• Money traction is obviously more valuable than regular traction. Complex trade-off though. Once you start making money it’s easy to do a traditional valuation on discounted cash flow. NOT what you want an investor to do. Also depends on business model. A media business like slideshare isn’t monetizable until it’s at scale. Ad Sales guys make a lot of money, you need a lot of impressions to sell to make them pay for themselves. Revenue going up high and to the right will definitely impress more than other traction proof-points.
  • All these numbers I’ve been showing you are extremely useful for pitching (in the broad sense: giving investors, employees, the press, YOURSELF proof that you are actually getting somewhere). Extremely useless at helping you deliver these results. That’s why these metrics are called “VANITY METRICS” Why? Aggregate view. Lots of different reasons a chart could be going up. They tell you how things are going, not why things are happening. Good investors want, more than anything else, to know that you are in the drivers seat. That u are making changes to the site that change the behavior of users on the site. That you are measuring carefully and making changes on the basis of hypothesis
  • 40 min to here. NEEDS EXAMPLE Simple changes to the download text increased the number of downloads dramatically. Tested a cleaner layout for the slideview page. Increased average time on site by 20%! Simple changes to . Simple changes to registration form increased conversion rates.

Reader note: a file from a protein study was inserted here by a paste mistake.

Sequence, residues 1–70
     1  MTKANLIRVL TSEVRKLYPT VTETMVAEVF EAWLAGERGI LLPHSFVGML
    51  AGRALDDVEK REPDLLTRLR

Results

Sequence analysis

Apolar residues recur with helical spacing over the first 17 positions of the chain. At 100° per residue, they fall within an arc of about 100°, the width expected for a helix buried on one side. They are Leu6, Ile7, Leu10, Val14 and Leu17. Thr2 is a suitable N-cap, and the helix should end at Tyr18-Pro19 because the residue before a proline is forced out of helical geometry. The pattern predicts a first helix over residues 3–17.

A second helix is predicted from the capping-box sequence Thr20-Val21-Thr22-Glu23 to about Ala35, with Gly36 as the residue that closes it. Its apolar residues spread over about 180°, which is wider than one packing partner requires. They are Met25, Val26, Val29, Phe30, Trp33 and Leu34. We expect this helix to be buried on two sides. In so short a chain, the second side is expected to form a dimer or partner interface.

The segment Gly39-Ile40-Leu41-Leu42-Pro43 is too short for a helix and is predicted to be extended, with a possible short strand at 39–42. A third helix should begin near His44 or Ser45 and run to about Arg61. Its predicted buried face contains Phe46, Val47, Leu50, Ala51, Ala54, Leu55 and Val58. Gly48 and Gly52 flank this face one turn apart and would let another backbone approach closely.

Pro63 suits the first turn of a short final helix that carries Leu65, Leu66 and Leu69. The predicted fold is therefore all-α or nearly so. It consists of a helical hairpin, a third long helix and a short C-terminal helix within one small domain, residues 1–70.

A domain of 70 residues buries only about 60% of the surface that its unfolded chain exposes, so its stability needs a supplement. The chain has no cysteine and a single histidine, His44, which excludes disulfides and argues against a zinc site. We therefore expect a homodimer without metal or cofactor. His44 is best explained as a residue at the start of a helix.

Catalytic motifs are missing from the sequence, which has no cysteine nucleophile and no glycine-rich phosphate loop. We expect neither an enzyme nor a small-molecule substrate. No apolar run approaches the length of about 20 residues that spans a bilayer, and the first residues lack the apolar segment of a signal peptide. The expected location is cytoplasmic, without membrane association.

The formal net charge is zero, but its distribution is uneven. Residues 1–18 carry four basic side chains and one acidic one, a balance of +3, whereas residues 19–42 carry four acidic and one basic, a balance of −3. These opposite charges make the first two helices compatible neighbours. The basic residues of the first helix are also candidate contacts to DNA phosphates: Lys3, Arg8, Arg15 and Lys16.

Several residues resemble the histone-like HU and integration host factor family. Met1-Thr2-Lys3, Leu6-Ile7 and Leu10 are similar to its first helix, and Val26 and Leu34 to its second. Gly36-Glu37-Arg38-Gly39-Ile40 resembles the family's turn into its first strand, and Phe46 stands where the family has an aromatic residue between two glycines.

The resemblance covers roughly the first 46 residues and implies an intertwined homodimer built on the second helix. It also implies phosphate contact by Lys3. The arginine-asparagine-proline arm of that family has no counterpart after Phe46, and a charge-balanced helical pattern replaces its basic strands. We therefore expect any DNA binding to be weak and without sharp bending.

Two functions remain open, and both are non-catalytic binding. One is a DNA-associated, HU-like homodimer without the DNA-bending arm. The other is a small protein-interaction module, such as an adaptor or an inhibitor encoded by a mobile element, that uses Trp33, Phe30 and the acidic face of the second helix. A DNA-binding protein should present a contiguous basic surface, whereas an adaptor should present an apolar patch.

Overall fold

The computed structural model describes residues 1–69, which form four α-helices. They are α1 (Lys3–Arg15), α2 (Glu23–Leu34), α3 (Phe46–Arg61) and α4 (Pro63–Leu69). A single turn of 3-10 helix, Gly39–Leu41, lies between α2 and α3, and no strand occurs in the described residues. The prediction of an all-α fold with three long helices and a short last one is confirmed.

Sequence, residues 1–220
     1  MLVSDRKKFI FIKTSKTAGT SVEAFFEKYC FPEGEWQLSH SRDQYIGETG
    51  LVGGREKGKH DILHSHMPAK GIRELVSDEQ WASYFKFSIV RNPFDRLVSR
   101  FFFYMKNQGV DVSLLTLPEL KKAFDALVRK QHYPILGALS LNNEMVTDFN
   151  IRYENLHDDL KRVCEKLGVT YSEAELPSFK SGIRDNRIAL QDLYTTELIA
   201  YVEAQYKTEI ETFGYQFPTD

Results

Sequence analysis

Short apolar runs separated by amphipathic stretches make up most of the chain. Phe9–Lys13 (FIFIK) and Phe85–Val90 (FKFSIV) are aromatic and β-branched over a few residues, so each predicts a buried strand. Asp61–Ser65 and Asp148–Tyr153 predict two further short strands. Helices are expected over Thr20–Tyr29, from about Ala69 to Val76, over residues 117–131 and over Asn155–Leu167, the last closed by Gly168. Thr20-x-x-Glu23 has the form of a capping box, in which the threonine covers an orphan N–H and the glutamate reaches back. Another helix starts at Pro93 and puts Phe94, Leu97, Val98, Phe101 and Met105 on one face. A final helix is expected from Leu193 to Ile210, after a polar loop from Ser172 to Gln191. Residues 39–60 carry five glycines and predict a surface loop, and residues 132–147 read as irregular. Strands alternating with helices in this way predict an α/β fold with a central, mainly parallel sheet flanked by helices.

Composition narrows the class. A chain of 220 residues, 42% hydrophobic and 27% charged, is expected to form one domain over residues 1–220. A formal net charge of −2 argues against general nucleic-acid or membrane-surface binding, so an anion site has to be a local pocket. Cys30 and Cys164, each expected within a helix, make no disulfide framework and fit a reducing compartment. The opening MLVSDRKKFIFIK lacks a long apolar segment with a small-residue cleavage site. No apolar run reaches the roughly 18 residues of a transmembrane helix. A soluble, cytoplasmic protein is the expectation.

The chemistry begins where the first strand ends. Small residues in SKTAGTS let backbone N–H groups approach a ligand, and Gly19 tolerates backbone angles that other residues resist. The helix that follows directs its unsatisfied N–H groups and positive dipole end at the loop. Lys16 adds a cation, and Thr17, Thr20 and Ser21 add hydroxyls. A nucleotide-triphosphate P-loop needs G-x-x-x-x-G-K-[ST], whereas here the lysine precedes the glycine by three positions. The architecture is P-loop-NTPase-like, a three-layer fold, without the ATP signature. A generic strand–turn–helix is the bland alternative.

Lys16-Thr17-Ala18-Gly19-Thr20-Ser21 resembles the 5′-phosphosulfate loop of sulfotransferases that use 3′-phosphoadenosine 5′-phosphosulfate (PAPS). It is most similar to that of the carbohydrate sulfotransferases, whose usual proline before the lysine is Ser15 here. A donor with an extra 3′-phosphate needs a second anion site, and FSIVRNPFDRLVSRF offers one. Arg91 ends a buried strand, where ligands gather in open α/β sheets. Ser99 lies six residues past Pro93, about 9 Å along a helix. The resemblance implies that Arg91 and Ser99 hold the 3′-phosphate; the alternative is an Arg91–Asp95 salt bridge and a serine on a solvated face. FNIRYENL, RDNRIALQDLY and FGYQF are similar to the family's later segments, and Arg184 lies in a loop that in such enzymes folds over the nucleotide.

• SHARK FIN Also active weekly users
  • 44 min to here If you can prove that you can acquire users for less than the value you extract out of them, compelling investment opportunity. Pour money in the front, more comes out the back. Just add cash. Note the effect that reducing churn has on the lifetime value of the customer. More months =>more money. Can support a higher acquisition cost. Note the effect that increasing the conversion rate has on your customer acquisition cost. Same # of clicks => more users .
  • Cloud compluting: storage by the gig, computing by the hour. Variablize your infrastructure costs. Pay only for what you need. Pay after you use it. Breath in before you breath out (cash is oxygen)
  • Outsource! Focus on your core competency! TODO LINKEDIN EXAMPLE
  • Landing page in 5 minutes with no design or technical skills. Ability to A/B test different designs and measure conversion rates.
  • Customer Traction

    1. Jumpstarting Customer Traction and Improving Your Valuation Jonathan Boutelle CTO, SlideShare
    2. About
    3. About
    4. SlideShare’s Traction Story
    5. 1) We got a toehold
    6. We solved one persons problem
    7. PR worked for us (caveats)
    8. We had a simple explanation of what we were
    9. 2) We Built a Community
    13. Things we would have used (had they been available)
    15. Facebook fan pages
    17. 3) We figured out a distribution strategy